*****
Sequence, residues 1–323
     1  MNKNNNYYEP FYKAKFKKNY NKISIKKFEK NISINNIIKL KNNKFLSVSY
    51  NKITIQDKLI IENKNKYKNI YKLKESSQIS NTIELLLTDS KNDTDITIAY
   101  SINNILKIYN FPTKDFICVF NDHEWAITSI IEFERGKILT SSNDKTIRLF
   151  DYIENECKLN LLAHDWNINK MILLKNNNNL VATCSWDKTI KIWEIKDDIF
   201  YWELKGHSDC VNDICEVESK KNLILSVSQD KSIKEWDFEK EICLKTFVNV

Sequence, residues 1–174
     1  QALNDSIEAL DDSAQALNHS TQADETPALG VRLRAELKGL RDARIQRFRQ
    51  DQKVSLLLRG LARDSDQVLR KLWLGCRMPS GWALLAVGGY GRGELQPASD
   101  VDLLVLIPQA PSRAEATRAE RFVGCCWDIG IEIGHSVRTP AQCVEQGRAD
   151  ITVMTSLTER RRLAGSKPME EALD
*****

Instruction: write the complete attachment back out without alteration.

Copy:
Sequence, residues 1–323
     1  MNKNNNYYEP FYKAKFKKNY NKISIKKFEK NISINNIIKL KNNKFLSVSY
    51  NKITIQDKLI IENKNKYKNI YKLKESSQIS NTIELLLTDS KNDTDITIAY
   101  SINNILKIYN FPTKDFICVF NDHEWAITSI IEFERGKILT SSNDKTIRLF
   151  DYIENECKLN LLAHDWNINK MILLKNNNNL VATCSWDKTI KIWEIKDDIF
   201  YWELKGHSDC VNDICEVESK KNLILSVSQD KSIKEWDFEK EICLKTFVNV

Sequence, residues 1–174
     1  QALNDSIEAL DDSAQALNHS TQADETPALG VRLRAELKGL RDARIQRFRQ
    51  DQKVSLLLRG LARDSDQVLR KLWLGCRMPS GWALLAVGGY GRGELQPASD
   101  VDLLVLIPQA PSRAEATRAE RFVGCCWDIG IEIGHSVRTP AQCVEQGRAD
   151  ITVMTSLTER RRLAGSKPME EALD